My name is Steve Culton, and I live in Connecticut. I am a fly fishing guide and instructor, fly tyer, and outdoor writer. My work has appeared in Field & Stream, American Angler, The Flyfish Journal, The Drake, The Fisherman, Flyfishing & Tying Journal, Eastern Fly Fishing, Fly Rod & Reel Online, and the Mid Atlantic Fly Fishing Guide.
Most of all, I’m just a guy who loves fly fishing.
My passions include trout, striped bass, steelhead, smallmouth bass, and small streams with wild brook trout populations. I occasionally teach out of UpCountry Sportfishing in New Hartford, CT. I also give fly fishing presentations to clubs and organizations around the northeast, as well as at regional and national shows. You can contact me here or at email@example.com.
So, why Currentseams?
Current seams are magical places. They form where slow water meets fast water. Where depth meets shallows. Where bottom structure impedes flow.
Trout, striped bass, and steelhead love current seams. Whenever I am fly fishing, I am always on the lookout for their telltale wrinkles. I never know what I will find within. But I know it will usually be something good.
Currentseams.com is a library for my articles, stories, fly tying, fishing reports, videos, my guide service The Fisherman LLC, and more. I’m pretty sure it doesn’t suck. But I leave that decision to you. The site gets regular updates, so be sure to check it out every few days. If you like what you see here, help me out and tell a friend. Feel free to ask questions if you have them. Leave a comment on my writing. Or just say hi. Okay?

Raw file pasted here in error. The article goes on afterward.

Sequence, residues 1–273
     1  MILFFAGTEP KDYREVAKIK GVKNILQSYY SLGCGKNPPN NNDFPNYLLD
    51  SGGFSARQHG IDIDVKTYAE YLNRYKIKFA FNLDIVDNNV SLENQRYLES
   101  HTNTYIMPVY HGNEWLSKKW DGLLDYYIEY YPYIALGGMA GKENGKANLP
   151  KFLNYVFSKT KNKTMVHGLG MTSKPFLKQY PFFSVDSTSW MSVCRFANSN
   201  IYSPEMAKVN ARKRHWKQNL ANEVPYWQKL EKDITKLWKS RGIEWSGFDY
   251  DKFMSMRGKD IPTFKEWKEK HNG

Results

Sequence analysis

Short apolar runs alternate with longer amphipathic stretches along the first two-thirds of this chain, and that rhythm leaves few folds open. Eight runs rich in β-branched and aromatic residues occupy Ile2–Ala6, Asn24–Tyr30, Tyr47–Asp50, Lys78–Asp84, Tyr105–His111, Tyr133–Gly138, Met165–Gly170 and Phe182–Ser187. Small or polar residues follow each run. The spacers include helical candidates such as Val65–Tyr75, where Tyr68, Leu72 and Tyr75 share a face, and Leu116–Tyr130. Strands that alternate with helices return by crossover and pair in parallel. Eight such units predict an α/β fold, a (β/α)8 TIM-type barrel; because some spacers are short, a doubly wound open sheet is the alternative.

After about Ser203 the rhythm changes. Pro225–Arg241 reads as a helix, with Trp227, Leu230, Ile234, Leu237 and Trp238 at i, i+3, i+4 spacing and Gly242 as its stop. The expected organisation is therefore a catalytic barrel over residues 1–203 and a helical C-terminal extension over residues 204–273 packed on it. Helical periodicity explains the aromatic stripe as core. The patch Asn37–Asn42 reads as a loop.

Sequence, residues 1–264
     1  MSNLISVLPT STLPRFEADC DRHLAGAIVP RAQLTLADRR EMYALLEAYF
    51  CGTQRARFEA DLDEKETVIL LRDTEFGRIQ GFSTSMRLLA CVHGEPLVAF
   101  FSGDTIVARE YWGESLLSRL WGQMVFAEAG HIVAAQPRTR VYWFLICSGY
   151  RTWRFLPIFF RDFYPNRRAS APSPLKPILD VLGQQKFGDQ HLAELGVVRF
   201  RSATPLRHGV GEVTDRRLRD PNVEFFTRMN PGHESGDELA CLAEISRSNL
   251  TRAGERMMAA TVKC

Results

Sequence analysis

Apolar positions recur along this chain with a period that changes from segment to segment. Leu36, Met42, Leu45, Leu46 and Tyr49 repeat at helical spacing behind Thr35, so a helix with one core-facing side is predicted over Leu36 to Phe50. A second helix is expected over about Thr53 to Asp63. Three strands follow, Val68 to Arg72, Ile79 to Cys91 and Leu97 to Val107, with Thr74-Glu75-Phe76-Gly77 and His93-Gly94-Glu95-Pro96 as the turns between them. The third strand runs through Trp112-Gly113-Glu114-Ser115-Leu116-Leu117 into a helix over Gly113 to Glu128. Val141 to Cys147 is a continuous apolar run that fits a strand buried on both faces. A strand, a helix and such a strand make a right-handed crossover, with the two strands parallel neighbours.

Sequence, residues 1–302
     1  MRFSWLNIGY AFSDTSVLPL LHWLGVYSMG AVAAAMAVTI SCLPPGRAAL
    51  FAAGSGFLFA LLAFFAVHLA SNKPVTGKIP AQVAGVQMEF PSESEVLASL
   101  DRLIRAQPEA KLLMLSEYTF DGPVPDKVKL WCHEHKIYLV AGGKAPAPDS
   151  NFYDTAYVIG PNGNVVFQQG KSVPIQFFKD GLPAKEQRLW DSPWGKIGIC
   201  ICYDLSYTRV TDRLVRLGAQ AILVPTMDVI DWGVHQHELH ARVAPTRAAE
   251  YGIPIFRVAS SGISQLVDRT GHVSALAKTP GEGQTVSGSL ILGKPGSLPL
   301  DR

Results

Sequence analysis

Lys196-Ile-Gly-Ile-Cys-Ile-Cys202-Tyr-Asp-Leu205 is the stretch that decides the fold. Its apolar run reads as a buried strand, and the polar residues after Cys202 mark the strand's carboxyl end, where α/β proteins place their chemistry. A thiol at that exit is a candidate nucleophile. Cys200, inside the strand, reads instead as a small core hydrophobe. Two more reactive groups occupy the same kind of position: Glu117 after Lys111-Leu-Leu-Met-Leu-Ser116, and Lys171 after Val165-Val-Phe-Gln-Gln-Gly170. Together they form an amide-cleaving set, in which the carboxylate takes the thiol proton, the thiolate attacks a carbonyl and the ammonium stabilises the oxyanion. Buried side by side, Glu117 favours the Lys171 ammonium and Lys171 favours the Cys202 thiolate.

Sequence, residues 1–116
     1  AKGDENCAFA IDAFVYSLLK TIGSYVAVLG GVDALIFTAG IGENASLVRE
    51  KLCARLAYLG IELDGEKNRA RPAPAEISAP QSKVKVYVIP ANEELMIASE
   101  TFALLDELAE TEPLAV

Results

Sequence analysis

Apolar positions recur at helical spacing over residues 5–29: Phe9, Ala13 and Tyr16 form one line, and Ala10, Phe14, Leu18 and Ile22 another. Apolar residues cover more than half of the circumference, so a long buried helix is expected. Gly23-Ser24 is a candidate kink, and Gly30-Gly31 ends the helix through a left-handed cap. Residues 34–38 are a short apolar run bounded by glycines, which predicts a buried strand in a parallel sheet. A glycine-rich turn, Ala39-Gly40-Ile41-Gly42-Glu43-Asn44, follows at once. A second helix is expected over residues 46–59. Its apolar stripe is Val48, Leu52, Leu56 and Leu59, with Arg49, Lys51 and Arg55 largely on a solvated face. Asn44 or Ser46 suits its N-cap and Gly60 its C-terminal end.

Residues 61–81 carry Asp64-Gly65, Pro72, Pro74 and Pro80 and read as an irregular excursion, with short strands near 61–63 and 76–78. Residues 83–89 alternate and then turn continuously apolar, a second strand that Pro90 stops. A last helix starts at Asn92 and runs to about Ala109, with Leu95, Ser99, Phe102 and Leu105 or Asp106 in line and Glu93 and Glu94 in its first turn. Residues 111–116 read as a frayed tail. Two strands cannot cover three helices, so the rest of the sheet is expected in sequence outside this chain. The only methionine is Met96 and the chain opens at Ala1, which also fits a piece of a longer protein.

I’m usually not this grumpy. Although my wife might disagree.
Looking forward to an enjoyable ride!
Steve, I will look forward to seeing what you have on here. Looks like you are off to a very good start.
Just started fly fishing. Look forward to learning all I can from your website. Many thanks for extending the effort to share your knowledge and experiences.
Thanks Ralph. Welcome aboard! If you sign up for email alerts, you are eligible to win flies every 100 followers — and we’re almost at 700!
Steve: I think we have the same book of fly patterns- authored by Taff Price. There are alot of interesting patterns in there. Ron Lomas
I don’t have that one, Ron. But it’s easy to imagine a lot of the more popular patterns being in hundreds of books. What’s the title of the book you’re referring to?
Steve: The title is: Fly Patterns An International Guide, the new edition by Taff Price and Illustrated by George Thomson
I just read through all your posts….very enjoyable!!
Thanks, Miss P. Puts a big smile on my face.
Just joined your blog…love your flatwings! I am headed to Montauk in early November and plan on tieing some additional flatwings. I especially loved your “Rock Island” pattern. I have a few RLS capes but of course those and any other flatwing capes seem to be non-existent on the market. I have read quite a range of suggested substitutes and wondered what you recommend for flatwing feathers?
Thx Dave Studeman
Thanks for the follow…welcome to currentseams. Thanks also for the kind words on the flatwings.
I hear you on the paucity of flatwing saddle options. If you can find old Hareline Dyed-Over-White Saddles, snap them up. Some of the Metz #2 saddles aren’t bad, although there are limited color choices. For smaller flatwings, you can thumb through Whiting Bugger packs to see if there are any webby, tapered feathers within. Cabela’s also has the odd serviceable saddle now and then. But I wouldn’t buy any of those saddles I listed unless I could eyeball them in person.